In the late 80's, I had an interesting incident with an Atari ST that I've never really understood.
I was using some graphics software that I recall was very similar to the way Microsoft's Paint still works. It may have been "Degas". It was still relatively unusual to have a colour monitor at that point, but I had one - Philips I believe. It connected via the Atari standard monitor connector.
I created my own colour using an RGB value - bright lime green. Approximately equivalent to 128, 255, 0.
After some time of painting with various colours, my eyes started to tire and I turned down the brightness on the monitor. The lime green colour seemed to brighten! I turned down the brightness some more - the green got brighter!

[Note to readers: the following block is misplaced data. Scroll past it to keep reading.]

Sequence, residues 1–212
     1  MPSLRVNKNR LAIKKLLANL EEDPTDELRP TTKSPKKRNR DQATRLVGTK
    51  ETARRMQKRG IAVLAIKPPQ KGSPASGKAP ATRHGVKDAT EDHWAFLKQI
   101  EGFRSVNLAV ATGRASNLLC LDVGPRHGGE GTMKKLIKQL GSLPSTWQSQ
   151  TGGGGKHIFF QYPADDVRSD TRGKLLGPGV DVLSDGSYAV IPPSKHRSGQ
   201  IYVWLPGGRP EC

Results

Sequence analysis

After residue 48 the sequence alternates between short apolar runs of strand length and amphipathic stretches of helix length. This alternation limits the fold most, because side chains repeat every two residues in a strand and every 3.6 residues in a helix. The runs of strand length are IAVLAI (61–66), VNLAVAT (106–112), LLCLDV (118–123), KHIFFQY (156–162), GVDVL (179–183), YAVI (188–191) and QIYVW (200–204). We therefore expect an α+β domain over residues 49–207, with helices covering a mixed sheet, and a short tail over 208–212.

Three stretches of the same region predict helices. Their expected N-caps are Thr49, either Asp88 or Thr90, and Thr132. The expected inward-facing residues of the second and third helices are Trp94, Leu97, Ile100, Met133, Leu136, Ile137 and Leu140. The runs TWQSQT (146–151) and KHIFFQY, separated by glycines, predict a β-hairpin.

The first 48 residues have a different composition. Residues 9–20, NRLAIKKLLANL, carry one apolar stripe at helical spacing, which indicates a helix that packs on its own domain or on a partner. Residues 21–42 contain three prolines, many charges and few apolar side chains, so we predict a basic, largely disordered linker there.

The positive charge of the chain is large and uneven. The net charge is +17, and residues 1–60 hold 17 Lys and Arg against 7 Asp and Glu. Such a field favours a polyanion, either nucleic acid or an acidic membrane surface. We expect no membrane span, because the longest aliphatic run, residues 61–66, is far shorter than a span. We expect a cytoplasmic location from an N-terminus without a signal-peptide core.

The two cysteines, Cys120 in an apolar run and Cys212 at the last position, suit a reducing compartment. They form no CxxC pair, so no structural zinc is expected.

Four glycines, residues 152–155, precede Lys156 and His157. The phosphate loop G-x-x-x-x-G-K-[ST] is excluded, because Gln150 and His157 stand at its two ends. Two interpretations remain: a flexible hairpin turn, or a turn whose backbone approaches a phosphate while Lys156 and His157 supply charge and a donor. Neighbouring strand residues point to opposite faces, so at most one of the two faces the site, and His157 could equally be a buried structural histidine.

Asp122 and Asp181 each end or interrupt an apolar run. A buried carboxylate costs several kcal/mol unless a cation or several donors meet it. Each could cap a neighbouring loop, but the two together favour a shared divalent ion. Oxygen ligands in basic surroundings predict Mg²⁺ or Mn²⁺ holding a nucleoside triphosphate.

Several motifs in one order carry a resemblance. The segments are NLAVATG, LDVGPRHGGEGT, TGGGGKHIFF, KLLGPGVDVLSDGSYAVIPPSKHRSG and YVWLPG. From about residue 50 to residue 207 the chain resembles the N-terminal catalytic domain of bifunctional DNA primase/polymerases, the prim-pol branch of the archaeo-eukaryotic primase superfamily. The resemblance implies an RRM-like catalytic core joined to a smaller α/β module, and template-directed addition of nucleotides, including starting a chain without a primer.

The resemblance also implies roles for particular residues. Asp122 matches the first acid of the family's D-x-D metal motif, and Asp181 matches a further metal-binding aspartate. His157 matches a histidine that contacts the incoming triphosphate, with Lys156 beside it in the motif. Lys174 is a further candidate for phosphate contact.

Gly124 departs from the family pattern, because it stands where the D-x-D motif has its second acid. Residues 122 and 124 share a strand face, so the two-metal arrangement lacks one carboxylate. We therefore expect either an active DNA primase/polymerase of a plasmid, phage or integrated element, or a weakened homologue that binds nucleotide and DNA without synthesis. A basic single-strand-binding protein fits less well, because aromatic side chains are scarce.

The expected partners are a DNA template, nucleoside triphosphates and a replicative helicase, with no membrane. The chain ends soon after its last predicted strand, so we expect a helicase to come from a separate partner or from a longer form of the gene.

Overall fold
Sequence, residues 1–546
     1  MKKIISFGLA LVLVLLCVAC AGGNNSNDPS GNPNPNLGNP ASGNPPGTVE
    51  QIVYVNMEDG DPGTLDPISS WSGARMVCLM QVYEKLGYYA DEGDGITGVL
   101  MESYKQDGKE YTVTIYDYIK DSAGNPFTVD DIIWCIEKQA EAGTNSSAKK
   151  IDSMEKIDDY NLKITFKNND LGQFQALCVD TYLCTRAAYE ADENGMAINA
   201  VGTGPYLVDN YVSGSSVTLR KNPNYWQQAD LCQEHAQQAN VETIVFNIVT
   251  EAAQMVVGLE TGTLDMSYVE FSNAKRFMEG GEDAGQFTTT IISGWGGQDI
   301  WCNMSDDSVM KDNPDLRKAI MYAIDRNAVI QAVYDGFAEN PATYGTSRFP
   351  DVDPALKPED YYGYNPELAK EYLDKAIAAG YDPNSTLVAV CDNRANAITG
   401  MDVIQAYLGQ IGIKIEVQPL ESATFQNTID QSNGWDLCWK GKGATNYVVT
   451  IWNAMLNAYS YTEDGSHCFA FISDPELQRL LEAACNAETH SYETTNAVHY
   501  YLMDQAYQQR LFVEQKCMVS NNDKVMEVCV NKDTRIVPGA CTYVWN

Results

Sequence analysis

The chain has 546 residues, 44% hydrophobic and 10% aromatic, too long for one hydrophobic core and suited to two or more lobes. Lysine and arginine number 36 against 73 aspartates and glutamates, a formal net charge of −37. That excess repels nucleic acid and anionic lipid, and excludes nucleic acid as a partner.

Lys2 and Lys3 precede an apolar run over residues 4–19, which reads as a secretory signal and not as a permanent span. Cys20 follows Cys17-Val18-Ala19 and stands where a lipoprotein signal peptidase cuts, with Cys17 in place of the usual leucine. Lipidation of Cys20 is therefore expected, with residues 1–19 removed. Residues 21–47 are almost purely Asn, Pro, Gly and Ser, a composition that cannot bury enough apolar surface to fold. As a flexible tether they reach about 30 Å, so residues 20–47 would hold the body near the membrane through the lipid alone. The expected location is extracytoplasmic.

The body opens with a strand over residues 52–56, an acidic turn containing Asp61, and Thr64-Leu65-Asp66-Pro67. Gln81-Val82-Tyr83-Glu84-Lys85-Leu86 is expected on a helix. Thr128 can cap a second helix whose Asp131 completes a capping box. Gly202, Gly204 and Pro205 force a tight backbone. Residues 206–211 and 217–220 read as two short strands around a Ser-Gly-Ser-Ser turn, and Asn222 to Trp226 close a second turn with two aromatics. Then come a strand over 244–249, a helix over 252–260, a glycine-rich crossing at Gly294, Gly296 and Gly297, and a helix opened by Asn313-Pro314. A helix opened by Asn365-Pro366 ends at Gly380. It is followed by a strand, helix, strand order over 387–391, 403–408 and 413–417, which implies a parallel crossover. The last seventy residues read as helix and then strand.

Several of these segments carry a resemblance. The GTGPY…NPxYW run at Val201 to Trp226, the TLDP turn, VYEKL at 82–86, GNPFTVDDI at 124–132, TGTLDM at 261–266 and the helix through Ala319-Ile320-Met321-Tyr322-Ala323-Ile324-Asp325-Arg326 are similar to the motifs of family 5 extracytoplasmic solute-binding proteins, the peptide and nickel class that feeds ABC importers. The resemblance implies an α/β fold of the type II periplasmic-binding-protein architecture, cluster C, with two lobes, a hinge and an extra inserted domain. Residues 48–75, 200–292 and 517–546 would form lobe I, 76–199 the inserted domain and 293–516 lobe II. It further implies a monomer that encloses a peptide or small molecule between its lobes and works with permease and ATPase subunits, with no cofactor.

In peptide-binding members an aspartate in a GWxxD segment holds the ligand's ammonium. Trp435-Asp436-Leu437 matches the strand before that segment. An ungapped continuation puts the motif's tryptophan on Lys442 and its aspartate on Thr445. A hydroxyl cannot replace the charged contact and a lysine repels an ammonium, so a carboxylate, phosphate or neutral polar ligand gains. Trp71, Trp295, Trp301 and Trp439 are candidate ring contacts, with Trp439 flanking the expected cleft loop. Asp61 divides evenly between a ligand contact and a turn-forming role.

Eventually, the brightness of the monitor was virtually black. What I realised was that the green was remaining the same and ignoring the overall brightness setting of the monitor. This gave the impression that the colour was in some way brighter than the monitor was able to produce. It was quite disconcerting at the time.
It seems that in some way, is was directly controlling the RGB values of the guns, bypassing the electronics of the monitor. How was that possible?
EDIT: I feel that my description isn't really putting across the experience, so I have mocked-up some equivalent screen-shots as if it happened on Paint.
Here I am, painting with my new Lime Green colour:
I turn down the Brightness:
Experiment with turning to the lowest possible brightness:
In the 2nd and 3rd images, I have replicated the effect by just redrawing the green shapes in the original colour, after having dimmed the image across the board. It is a remarkably good representation of the effect that I saw.